Ladram Bay

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Ladram Bay, looking towards Sidmouth

Ladram Bay is a secluded bay with pebble beach, between the coastal towns of Budleigh Salterton and Sidmouth, on the south coast of Devon, England.

Location[edit]

Ladram Bay lies about 11 miles southeast of the city centre of Exeter and just over 1 mile east of the village of Otterton. Ladram Bay lies just under 2 miles southwest of Sidmouth and about 2.5 miles northeast of Budleigh Salterton. Directly southwest of Ladram Bay are Smallstones Point and Chiselbury Bay. To the east is a hill called High Peak and below the hill are the Hern Point and Big Picket Rocks.

The holiday park at Ladram Bay is the second largest holiday centre in Devon. It was started by FWS Carter in 1950.[1] It hosts the site of the first Digital TV Transponder in the United Kingdom.[2]

Jurassic Coast[edit]

The Jurassic Coast stretches over a distance of 96 miles from Orcombe Point near Exmouth, in the west, to Old Harry Rocks near Studland, in the east.[3] The coastal exposures along the coastline provide a continuous sequence of Triassic, Jurassic and Cretaceous rock formations spanning approximately 185 million years of the Earths history. The localities along the Jurassic Coast includes a large range of important fossil zones.

Geology[edit]

Among the most impressive sights along the Jurassic Coast are the sea stacks at Ladram Bay. The sandstones contain numerous vertical fractures and joints that were formed deep in the Earths crust during past mountain building periods. The sea picked out these planes of weakness to form caves and natural arches that have since collapsed to produce sea stacks. The “Otter Sandstone” that forms the cliffs and sea stacks were deposited in a hot dry climates in the Triassic Period about 220 Million years ago. The stacks are composed of the same rock, which is relatively soft, but they have a harder band of sandstone at their base which prevents their rapid erosion by the sea. The striking red colour of the rock is caused by iron oxide, which tells us that the layers were formed in a desert. The presence of ripple marks and channels in the sandstones, together with the remains of the long-extinct plants, insects, fish, amphibians and reptiles, show that the desert was crossed by fertile river valleys.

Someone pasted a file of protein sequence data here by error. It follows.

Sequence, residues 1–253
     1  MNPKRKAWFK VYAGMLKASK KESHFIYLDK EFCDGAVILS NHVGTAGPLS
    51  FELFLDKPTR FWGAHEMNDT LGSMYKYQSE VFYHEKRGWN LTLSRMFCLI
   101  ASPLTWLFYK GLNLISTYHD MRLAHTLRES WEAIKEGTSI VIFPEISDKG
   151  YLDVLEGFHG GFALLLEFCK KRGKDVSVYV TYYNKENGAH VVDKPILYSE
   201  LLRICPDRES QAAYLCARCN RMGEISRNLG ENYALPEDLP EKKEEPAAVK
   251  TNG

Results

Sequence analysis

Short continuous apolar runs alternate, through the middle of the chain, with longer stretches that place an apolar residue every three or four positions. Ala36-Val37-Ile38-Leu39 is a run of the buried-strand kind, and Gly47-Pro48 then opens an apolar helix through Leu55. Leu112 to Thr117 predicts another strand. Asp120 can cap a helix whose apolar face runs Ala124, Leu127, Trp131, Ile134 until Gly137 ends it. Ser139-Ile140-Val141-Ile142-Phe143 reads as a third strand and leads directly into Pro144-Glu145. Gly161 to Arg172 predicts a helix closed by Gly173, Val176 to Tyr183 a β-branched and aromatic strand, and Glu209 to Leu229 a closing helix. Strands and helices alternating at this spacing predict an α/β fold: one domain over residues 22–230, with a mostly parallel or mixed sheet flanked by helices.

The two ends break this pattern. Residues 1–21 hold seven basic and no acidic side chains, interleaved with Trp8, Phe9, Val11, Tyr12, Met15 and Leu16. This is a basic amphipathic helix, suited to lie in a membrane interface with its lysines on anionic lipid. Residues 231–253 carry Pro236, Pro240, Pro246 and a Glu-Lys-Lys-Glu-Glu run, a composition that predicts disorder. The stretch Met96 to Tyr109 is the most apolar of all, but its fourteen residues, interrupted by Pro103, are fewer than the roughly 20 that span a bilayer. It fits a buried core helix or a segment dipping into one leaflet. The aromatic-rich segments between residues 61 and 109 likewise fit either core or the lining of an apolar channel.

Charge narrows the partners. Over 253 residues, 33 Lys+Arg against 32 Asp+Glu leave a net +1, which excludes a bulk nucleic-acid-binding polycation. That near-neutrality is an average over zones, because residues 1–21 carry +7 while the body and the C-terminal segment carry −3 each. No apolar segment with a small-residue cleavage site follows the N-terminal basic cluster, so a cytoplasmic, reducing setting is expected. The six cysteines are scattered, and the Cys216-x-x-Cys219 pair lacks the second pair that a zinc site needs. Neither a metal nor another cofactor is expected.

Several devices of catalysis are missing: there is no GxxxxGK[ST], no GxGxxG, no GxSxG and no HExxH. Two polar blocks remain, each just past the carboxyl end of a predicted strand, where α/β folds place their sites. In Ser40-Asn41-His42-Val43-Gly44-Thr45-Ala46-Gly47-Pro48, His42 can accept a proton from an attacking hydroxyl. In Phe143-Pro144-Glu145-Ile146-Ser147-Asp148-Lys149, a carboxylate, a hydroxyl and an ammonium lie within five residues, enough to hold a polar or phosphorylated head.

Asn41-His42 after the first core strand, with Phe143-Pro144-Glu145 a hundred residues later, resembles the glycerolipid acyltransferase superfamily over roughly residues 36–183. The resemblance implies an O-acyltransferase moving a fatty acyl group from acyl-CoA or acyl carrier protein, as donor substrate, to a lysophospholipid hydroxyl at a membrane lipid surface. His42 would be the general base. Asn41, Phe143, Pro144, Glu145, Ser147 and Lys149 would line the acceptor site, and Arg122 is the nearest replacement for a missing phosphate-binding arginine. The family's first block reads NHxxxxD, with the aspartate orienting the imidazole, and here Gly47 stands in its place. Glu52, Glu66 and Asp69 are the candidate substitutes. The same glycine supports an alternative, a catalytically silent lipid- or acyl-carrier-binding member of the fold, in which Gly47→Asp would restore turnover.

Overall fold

The “Otter Sandstone” is the richest source of Triassic reptile remains in Britain and one of the most important in the world. At the south-west end of the bay, the most common fossils in the sandstone are networks of vertical, tube-like carbonate petrifactions (rhizocretions): these represent the roots of plants that were able to survive in the harsh dry climate of the Triassic Period.[4]

The bay is sited on the same band of Sandstone that forms the oil reservoir at the Wytch Farm oilfield on the Isle of Purbeck.

References[edit]

  1. ^ "About Us". Ladram Bay Holiday Park. Retrieved 30 August 2015. 
  2. ^ "horeline Management Plan ( Shoreline Management Plan (SMP) 2 Durlston Head to Rame Head Durlston Head to Rame Head Appendix E – Issues and Objectives Evaluation" (PDF). h Devon and Dorset Coastal South Devon and Dorset Coastal Advisory Advisory dvisoryGroup (SDADCAG) Group (SDADCAG) Group (SDADCAG). p. E26. Retrieved 7 July 2016. 
  3. ^ "Dorset and East Devon Coast". UNESCO World Heritage Centre. 2001. Retrieved 2010-10-16. 
  4. ^ "Geology to see in Eastern Devon". Devon County Council. Retrieved 2009-09-03. 

External links[edit]

Coordinates: 50°39′31″N 3°16′49″W / 50.65853°N 3.28029°W / 50.65853; -3.28029